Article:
It has become a ritual for me to take our guests to the African Lion Safari, located in Cambridge, Ontario. I have even lost count on the number of times I have been there. I can for sure claim that I am now an accomplished tour guide for anyone visiting the Safari. When Air Vice Marshal TD Joseph (Joe) and Sophie Joseph came calling in May 2016, how could I omit the African Lion Safari from the itinerary.
African Lion Safari, a family-owned private entrepreneurship, is a picturesque and fun-filled Wildlife Park that offers not only a Safari trip of 9 km, but also conducts educative shows on birds and elephants. This conservation theme-park showcases many different and rare animals from Africa, Europe, Asia, and the Americas. The drive through the game reserve will get you as close as you can ever get with fascinating wildlife.
At the Safari, animals are exhibited in an entirely different way – visitors are caged in their cars or tour bus, and the animals are free to roam the 5-to-50-acre reserve, in their natural habitat. The Safari Trail comprises seven game reserves that showcase a diverse collection of species such as lions, cheetahs, baboons, rhinos, ostriches, giraffes, and many other exotic and native species.
In case you take your own car, you are in better control of the time that you spend observing and photographing the animals, and it affords a great deal of flexibility. There is a guided tour on the Safari bus, which takes just over an hour. The tour guides offer great information about the animals you encounter. Visitors who spend a full day at the African Lion Safari, often exercise both options. I prefer the drive in our car and surely there are a few risks involved.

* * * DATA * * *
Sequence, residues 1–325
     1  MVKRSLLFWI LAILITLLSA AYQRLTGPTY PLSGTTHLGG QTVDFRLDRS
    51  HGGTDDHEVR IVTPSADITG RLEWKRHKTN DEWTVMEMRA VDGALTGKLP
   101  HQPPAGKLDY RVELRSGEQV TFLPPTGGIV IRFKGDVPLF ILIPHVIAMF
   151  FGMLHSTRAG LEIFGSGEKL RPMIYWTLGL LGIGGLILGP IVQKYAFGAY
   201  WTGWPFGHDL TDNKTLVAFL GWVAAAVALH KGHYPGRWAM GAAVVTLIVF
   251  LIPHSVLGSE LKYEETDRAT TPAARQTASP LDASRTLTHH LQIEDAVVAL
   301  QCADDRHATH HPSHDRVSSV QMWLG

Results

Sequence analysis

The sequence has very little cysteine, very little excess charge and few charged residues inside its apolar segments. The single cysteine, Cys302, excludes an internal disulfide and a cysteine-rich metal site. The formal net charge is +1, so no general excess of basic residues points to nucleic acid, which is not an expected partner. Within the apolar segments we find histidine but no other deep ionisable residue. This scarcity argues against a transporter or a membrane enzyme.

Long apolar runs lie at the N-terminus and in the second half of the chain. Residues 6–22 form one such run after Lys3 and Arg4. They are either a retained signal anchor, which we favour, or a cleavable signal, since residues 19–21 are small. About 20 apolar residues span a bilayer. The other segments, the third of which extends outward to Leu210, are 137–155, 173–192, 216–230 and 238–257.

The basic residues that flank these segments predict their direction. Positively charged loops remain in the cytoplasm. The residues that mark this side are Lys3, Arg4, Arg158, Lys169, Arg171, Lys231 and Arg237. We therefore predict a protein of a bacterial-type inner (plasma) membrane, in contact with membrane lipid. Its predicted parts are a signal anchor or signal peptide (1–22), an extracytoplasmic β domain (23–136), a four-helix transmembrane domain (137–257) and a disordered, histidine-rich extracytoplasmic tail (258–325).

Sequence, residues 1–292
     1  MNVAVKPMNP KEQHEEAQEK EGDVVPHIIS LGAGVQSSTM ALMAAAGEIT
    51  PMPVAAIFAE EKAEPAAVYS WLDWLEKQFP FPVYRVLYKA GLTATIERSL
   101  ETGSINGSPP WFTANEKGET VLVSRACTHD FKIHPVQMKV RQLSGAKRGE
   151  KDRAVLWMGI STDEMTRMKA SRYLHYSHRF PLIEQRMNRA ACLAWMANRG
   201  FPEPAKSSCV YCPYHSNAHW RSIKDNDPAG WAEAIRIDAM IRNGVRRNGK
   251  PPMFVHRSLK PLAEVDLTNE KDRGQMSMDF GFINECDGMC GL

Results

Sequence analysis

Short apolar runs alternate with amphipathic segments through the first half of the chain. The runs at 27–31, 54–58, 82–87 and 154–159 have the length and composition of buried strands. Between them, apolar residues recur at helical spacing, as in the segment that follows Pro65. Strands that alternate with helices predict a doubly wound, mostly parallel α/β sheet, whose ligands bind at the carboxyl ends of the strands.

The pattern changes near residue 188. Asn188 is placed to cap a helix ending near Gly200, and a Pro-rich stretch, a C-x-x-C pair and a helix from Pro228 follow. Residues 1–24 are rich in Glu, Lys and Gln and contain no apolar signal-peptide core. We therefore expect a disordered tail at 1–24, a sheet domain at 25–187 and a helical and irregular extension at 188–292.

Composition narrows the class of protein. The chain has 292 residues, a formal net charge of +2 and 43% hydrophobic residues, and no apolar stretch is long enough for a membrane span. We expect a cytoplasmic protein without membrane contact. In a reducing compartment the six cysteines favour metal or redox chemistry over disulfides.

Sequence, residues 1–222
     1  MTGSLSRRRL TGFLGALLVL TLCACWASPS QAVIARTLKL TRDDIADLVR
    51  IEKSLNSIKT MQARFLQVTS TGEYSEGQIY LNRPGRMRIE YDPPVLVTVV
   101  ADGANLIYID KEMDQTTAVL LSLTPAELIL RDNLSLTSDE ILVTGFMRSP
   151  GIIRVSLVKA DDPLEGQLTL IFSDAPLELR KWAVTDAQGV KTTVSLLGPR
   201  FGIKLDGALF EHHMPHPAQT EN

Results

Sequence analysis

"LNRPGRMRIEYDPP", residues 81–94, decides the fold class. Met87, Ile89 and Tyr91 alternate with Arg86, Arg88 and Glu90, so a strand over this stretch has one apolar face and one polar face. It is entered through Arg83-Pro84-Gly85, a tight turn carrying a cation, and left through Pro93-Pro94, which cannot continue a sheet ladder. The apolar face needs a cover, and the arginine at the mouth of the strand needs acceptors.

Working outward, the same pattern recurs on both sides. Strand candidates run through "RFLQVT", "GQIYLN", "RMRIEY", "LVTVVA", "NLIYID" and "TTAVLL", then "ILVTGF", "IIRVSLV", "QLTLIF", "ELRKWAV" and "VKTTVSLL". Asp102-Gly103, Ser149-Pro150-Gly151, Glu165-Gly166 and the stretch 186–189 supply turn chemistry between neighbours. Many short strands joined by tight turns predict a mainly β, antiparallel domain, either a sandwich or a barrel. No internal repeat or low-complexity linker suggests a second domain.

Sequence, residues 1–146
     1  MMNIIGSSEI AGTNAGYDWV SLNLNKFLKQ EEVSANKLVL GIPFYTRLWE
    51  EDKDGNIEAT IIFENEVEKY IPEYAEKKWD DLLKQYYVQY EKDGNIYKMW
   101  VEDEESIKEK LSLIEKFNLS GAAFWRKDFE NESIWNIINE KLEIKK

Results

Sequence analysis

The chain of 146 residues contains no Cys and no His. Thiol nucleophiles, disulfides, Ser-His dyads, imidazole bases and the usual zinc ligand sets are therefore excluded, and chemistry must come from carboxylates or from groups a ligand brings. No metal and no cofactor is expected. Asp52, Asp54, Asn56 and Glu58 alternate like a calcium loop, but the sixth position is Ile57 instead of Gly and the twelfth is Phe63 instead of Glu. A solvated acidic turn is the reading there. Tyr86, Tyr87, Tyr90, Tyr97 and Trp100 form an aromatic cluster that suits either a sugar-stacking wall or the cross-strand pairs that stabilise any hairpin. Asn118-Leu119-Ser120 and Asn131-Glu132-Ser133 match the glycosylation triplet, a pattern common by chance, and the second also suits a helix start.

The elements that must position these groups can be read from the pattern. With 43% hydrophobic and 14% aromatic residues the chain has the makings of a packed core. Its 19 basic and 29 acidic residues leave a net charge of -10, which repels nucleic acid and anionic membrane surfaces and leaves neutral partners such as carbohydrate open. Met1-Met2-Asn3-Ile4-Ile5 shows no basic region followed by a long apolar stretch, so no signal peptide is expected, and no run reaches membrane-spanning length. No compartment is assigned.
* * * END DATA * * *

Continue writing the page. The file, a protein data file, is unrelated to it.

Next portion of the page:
It is worthwhile to note some interesting facts about the founder of this wonderful place. Late Colonel GD Dailley founded the Safari with a vision to create an environment for self-sustaining populations of declining wildlife species. It opened with 40 lions in three reserves in 1969. Today the park houses in excess of 1,000 animals comprised of more than 100 species.
Colonel Gordon Debenham Dailley (July 24, 1911 – May 3, 1989), was born in Winnipeg, Canada and was educated at St John’s College at the University of Manitoba. He was a member of the team which won the gold medal in ice hockey for Great Britain at the 1936 Winter Olympics. The team consisted mostly of British-born Canadian citizens, as well as Dailley, whose only justification for playing for Britain lay in his long years of living in England. He led the team to European Championships in 1937 and 1938, after which he left hockey to join the Canadian Army.
Colonel Dailley served in England throughout World War II. After the war, he remained with the Canadian Forces and held a number of posts in Ottawa and served on the United Nations Armistice Commission in Korea. He was promoted to the rank of Colonel in 1955 and was assigned to Belgrade, Yugoslavia as the Canadian Military Attaché. In August 1960 he was appointed the base commander at Gagetown in New Brunswick. He retired from the army in 1964.
After about an hour’s drive from our home, we generally reach the Safari gates at 9:55 AM, five minutes before the gates open. In order to avoid the rush, it would be better to visit the park on a weekday, that too well before the schools close for summer vacations. This gives all the time to watch and photograph the animals as there is no pressure from the vehicles following.
First reserve is Nairobi Sanctuary which houses elegant birds like the crowned crane and white stork with llamas and robust Watusi cattle from Africa with its large distinctive horns that can reach up to 8 feet.
Next is the Simba Lion Country, home to a large pride of lions, perched on large rocks or in the shade of trees.
If you are lucky, you can capture the lions in such poses too.